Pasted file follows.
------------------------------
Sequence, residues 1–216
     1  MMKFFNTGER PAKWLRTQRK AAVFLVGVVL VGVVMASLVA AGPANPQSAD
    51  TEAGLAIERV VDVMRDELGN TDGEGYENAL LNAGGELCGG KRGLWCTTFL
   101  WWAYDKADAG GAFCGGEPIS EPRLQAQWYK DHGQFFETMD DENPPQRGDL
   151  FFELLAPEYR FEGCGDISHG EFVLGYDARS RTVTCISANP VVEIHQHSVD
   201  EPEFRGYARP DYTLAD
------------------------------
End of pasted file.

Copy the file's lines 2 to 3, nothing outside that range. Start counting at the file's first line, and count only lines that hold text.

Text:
     1  MMKFFNTGER PAKWLRTQRK AAVFLVGVVL VGVVMASLVA AGPANPQSAD
    51  TEAGLAIERV VDVMRDELGN TDGEGYENAL LNAGGELCGG KRGLWCTTFL